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  • Lagios E., Sakkas V., Novali F., Bellotti F., Ferretti A., Vlachou K. & Dietrich V. (2013). SqueeSARTM and GPS Ground Deformation Monitoring of Santorini Volcano (1992-2012): Tectonic Implications. Tectonophysics,  doi:10.1016/j.tecto.2013.03.012.

Santorini, one of the largest Quaternary volcanoes of South Aegean, is comprised by Thera, Therassia, Palea & Nea Kammeni Islands and Aspronisi tuff ring. Volcanism in the area started 2 ma ago, while hundreds of eruptions followed. The interior area, bounded by the island system, is covered by a flooded, almost circular caldera, formed during the Minoan eruption (1645 B.C.)

The submarine crater of the Columbo volcano, just 7 kilometers from the island of Thira and part of the same volcanic complex caused a Plinian volcanic eruption in 1650 (Fouqué 1879), causing a powerful tsunami.

The last significant volcano activity of Santorini was observed between 1925 and 1950, with four explosive periods.    

Santorini GPS network was established in summer of 1994, consisting of twenty one (21) stations distributed in the island system of the area, to study the ground deformation associated with probable upward magma motions. The network was remeasured in 1995, 1996, 1998, 2005 and 2011. The results reveal significant ground deformation of both subsidence and uplift of the area. Furthermore, a correlation between the tectonic structure and the observed deformation is finally achieved.  

The system has been in a quiet state the last 60 years, until January 2011 when the volcano reawakened, starting producing higher seismicity rates and showing a radial ground deformation. In the following, the ground deformation is presented since 1992, based on the advanced SqueeSAR analysis, local DGPS network and continuous recording GPS (CGPS) stations on the island. The spatial deformation of the System during the "quiet" period 1992-2010 deduced by joint interpretation of ERS1&2 and ENVISAT images of ascending and descending geometry. This period, Palea Kammeni was getting uplifted (2-3 mm/yr), characterized by an increasing rate of uplift, whilst the adjacent Nea Kammeni was subsided (up to -3 mm/yr) with increasing rates. The above two islets even though they are considered as a single volcanic center they exhibit a different type of vertical motion. The rest of the study area showed a velocity field varying from -1 to +2 mm/yr and sub-millimeter acceleration field values, indicating a linear deformation during this period. Combining ascending and descending radar data, the vertical and horizontal (E-W) component of the velocity field were determined. Several deformation patterns were identified: The two main tectonic features, the Columbo and the Kammeni lines at the northern and central part of the system, the Alpine basement at the SE part of Thera, and a pattern associated with the graben basin at the southern part, consistent to earlier AMT work and the recently compiled Gravity Anomaly Map. The remeasurement periods of the GPS network (established in 1994) resulted in the calculation of the strain field, and velocity deformation patterns consistent to the SqueeSAR analysis results.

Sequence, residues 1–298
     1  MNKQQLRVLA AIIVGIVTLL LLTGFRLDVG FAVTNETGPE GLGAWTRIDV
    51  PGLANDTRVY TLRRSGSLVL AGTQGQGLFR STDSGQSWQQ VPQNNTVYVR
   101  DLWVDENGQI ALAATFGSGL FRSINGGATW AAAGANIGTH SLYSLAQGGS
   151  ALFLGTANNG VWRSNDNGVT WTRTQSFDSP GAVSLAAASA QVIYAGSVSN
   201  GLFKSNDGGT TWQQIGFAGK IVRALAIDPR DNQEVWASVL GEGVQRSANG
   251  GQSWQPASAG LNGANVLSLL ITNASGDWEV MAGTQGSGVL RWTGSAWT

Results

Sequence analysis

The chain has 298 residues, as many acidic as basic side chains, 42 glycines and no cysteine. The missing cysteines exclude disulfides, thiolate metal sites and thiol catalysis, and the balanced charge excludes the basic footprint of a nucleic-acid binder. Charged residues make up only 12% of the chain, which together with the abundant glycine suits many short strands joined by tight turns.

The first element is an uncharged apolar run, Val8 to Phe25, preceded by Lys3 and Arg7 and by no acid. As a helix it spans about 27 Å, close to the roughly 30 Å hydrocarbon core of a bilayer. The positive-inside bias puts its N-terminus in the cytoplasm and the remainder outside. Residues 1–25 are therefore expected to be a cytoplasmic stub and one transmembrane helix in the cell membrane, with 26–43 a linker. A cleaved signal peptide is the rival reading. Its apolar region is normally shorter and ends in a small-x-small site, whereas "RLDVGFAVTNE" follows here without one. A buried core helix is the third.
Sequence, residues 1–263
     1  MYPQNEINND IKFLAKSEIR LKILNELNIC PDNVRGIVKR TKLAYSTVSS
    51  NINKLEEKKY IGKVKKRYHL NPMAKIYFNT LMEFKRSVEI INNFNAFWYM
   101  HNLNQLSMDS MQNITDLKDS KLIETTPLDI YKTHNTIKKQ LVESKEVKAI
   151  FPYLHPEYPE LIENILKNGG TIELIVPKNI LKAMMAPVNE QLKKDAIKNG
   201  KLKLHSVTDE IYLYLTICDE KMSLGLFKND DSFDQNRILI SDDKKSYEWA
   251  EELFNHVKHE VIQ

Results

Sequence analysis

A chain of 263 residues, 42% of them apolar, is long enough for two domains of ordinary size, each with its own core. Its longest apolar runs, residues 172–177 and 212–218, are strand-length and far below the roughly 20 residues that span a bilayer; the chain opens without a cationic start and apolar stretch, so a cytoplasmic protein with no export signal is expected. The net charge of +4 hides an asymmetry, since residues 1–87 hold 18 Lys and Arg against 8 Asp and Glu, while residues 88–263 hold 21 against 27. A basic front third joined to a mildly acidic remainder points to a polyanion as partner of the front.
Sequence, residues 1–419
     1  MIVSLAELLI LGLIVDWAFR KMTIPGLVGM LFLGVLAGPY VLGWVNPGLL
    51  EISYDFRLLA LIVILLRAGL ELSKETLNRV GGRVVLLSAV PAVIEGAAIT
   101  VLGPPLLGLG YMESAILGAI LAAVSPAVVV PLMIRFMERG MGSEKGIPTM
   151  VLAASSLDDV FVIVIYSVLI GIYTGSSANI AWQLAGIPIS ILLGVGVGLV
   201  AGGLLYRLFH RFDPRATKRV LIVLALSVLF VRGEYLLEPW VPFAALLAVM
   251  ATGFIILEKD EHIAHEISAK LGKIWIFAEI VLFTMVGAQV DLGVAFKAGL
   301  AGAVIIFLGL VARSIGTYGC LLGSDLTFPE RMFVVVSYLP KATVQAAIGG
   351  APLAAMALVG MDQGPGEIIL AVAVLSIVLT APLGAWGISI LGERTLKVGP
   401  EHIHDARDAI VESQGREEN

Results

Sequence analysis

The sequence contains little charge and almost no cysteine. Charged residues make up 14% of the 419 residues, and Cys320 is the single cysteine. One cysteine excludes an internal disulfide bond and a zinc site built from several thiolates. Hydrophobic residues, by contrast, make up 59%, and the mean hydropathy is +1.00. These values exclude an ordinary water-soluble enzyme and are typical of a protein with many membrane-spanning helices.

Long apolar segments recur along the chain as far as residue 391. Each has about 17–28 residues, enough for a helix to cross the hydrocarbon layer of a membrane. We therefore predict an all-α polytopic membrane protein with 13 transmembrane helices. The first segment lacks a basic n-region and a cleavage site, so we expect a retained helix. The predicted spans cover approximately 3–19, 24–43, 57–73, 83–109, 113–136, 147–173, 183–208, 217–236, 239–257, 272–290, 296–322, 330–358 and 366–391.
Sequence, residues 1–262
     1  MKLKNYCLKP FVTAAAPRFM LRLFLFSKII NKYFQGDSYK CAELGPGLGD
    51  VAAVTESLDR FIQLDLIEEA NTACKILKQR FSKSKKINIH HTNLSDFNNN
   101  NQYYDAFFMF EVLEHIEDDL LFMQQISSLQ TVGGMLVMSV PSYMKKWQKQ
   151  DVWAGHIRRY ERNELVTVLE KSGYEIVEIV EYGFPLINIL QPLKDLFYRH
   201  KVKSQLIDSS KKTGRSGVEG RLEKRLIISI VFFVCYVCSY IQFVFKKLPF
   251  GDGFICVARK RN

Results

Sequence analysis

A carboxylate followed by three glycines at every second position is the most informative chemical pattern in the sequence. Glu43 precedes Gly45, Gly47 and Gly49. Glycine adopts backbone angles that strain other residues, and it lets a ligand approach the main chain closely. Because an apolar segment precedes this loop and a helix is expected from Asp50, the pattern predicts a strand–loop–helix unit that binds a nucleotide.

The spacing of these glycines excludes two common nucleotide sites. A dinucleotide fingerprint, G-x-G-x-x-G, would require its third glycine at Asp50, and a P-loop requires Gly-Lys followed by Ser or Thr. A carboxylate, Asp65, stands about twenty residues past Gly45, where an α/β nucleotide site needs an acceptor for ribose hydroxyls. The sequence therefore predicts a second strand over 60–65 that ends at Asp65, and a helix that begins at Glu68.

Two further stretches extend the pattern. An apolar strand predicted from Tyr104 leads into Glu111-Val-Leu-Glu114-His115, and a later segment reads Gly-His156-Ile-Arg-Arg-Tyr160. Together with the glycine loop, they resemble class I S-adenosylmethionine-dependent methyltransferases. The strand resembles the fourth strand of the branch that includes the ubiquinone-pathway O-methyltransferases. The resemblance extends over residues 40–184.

The deformation study for the “active” period 2011-2012 was based: (i) on the SqueeSAR analysis of ENVISAT images of ≈39 deg LOS angle, and (ii) the processing of CGPS and DGPS data. Mogi point-source modelling suggests an expanding (magmatic) sphere (radius ≈150m) located ≈1.5km north of Kammeni at a depth of 3.7(±0.3) km, matching the observed displacement vectors. However, the seismicity seems to have lately drastically decreased, and a velocity decrease at some CGPS station components is also noticed. If that situation continues, the volcano may not reach any further state of alert in the near future.

In July 2011 a Continous GPS station was establised in Imeroivgli to better monitor the ground deformation, together with six (6) CGPS sites of the UNAVCO operated by  Georgia Institute of Technology and University of Patras.

 A poster  presenting the results from the ground deforamtion monitoring in Santorini was presented in ESA's conference: 21-23 May 2012

Local GPS Network of Santorini

GPS ground displacement maps (mm) for the period Sept. 2011 to June 2012, referred to (a) No. 07 local reference station; (b) ITRF2008; (c) Strain field (μstrain) deduced from the DGPS measurements; (d) Diagram showing comparison between GPS vectors projected on the LOS direction and the corresponding PS/DS vectors (rms=7.3 mm) 

(a) GPS ground deformation map for the period June to Sept. 2012 (ITRF2008); (b) GPS ground deformation map for the period Sept. to Dec. 2012 (ITRF2008).

Mogi modelling of the observed (black arrows) and calculated (red arrows) of the GPS displacements for the period Sept. 2011 to June 2012 for (a) Horizontal and (b) Vertical components. Red dot indicates the location of the best-fit Mogi source. (c) Diagram between depth and volume variation for the best fit location. Normalized χ2 error contours are also shown; red contour line indicates the 90% confidence level for the location estimate, and 95% confidence level for the Volume vs Depth estimates.

The daily processing of SANT CGPS station and another 6 CGPS stations (established by Georgia Institute of Technologt (USA) and University of Patras (Gr.), UNAVCO sites)
shows a decrese in the velocities since February 2012.



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